How to Help Someone Who is Depressed

9 Comments

Sometimes it's hard to tell the difference between depression and just a case of the blues. As people age, problems and situations arise that could cause anyone to feel depressed: the death of a loved one; feeling lonely; diagnosis of a chronic illness; having a tough time getting used to retirement. It's normal to feel sad when these things happen.

However, after a period of feeling sad, we should adjust and regain some emotional balance. But people with clinical depression don't get over those feelings. If a person is suffering from clinical depression and doesn't get help, the depression could last for weeks, months or even years. It causes a person to no longer enjoy the activities they usually like, and even lead to thoughts of suicide.

If you think someone you love is suffering from depression, don't ignore the problem. Here are some practical suggestions for helping someone with depression.

Watch and Listen for Signs

Listen carefully if someone complains about being depressed or says people don't care. That person may really be asking for help. Look for warning signs of depression, such as crying, sadness that lasts for extended periods, social withdrawal, and lack of interest in activities and friends.

Don't be Embarrassed

The first step is to accept that your family member needs help. You may not be comfortable with the subject of mental illness. Many people believe that a depressed person can quickly "snap out of it" or that some people are too old to be helped. They are wrong.

Bring Up the Subject Carefully

Instead of plunging directly into a tough discussion about therapy or treatment, try asking what's going on. "I've noticed you haven't been sleeping well." "You seem so sad lately. You don't seem like yourself. Are you okay?" Being tactful and using gentle probing will not instantly put the elder on the defensive.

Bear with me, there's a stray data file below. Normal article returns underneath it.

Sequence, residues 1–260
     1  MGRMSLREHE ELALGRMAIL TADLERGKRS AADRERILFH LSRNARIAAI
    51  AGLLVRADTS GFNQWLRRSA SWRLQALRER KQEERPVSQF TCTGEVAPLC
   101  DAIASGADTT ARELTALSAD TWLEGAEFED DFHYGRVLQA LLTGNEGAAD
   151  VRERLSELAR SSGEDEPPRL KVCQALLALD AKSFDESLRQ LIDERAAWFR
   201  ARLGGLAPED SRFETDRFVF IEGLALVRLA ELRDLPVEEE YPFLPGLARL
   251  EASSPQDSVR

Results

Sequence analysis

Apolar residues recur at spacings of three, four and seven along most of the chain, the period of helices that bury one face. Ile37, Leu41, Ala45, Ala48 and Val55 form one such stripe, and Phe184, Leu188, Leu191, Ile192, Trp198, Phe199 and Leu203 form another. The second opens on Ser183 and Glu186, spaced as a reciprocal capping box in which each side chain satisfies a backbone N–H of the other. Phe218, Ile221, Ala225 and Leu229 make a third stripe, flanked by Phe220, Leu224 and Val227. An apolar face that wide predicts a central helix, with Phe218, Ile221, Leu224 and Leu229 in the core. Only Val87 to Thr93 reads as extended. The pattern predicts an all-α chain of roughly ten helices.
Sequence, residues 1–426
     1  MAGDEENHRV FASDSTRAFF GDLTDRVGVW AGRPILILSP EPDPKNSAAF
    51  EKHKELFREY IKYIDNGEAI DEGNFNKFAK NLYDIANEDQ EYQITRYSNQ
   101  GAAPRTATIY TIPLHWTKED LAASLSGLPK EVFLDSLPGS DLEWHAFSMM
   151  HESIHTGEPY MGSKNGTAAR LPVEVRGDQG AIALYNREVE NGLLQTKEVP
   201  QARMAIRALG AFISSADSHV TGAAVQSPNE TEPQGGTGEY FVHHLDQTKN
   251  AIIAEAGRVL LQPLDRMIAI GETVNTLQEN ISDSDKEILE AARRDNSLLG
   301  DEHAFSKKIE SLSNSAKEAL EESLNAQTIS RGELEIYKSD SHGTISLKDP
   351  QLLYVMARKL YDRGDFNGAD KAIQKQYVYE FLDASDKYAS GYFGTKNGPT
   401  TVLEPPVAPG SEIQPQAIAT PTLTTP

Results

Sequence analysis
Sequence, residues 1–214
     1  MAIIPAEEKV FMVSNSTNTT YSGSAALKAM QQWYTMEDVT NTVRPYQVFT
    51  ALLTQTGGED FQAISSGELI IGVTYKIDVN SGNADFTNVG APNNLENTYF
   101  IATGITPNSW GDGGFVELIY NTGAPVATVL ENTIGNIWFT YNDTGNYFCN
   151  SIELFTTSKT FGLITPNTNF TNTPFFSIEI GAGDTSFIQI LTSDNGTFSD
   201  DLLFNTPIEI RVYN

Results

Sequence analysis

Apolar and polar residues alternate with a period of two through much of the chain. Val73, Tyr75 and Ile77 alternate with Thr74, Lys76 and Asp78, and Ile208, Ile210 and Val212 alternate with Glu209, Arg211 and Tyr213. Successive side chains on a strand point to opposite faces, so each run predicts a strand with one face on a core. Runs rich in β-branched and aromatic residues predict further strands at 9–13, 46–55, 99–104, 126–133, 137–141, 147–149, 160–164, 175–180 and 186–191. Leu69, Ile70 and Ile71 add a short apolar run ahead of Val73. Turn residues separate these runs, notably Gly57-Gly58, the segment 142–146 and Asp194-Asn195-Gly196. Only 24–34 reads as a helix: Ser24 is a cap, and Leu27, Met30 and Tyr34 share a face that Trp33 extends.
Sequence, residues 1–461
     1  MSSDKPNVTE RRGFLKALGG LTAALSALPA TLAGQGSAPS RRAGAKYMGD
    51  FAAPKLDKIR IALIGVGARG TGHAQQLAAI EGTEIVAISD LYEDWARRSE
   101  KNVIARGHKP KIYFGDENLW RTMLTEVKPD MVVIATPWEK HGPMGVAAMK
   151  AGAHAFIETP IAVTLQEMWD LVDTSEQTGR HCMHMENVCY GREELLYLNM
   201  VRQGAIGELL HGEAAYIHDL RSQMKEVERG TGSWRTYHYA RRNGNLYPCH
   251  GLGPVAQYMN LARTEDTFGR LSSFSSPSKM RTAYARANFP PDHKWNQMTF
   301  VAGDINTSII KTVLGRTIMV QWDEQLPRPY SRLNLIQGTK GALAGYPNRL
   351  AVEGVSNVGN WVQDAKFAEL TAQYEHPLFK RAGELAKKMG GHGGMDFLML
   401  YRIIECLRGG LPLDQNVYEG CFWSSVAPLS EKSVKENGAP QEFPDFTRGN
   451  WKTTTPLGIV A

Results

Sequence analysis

Try to Overcome Resistance Gently

Your parent might resist the idea of seeing a doctor because he or she is embarrassed or afraid. Try to help them understand that a diagnosis of depression doesn't mean they are "crazy" and they are not going to be hauled away to a nursing home.

Seek Professional Backup

If your parent repeatedly brushes off your attempts at discussion, talk to your parent's doctor yourself. Tell the doctor your concerns, behaviors you've noticed and your parent's resistance to get help. Older people are sometimes less resistant and more willing to listen to a doctor who urges them to get help. The doctor or mental health specialist can start by making a phone call. A telephone call can't take the place of the personal contact needed for a complete medical checkup, but it might inspire the person to go for treatment.

Don't Let Cost be a Factor

Don't let the cost of treatment stop your loved one from getting help. Often, only short-term therapy is needed, and it is usually covered by insurance. Also, some community mental health centers may offer treatment based on a person's ability to pay.

Be Involved in Treatment

You can help your relative stay with the treatment plan. If needed, make appointments for the person or go along to the doctor. Get your relative to go on outings with you or go back to an activity that he or she once enjoyed. Encourage the person to be active and busy, but not to take on too much at one time.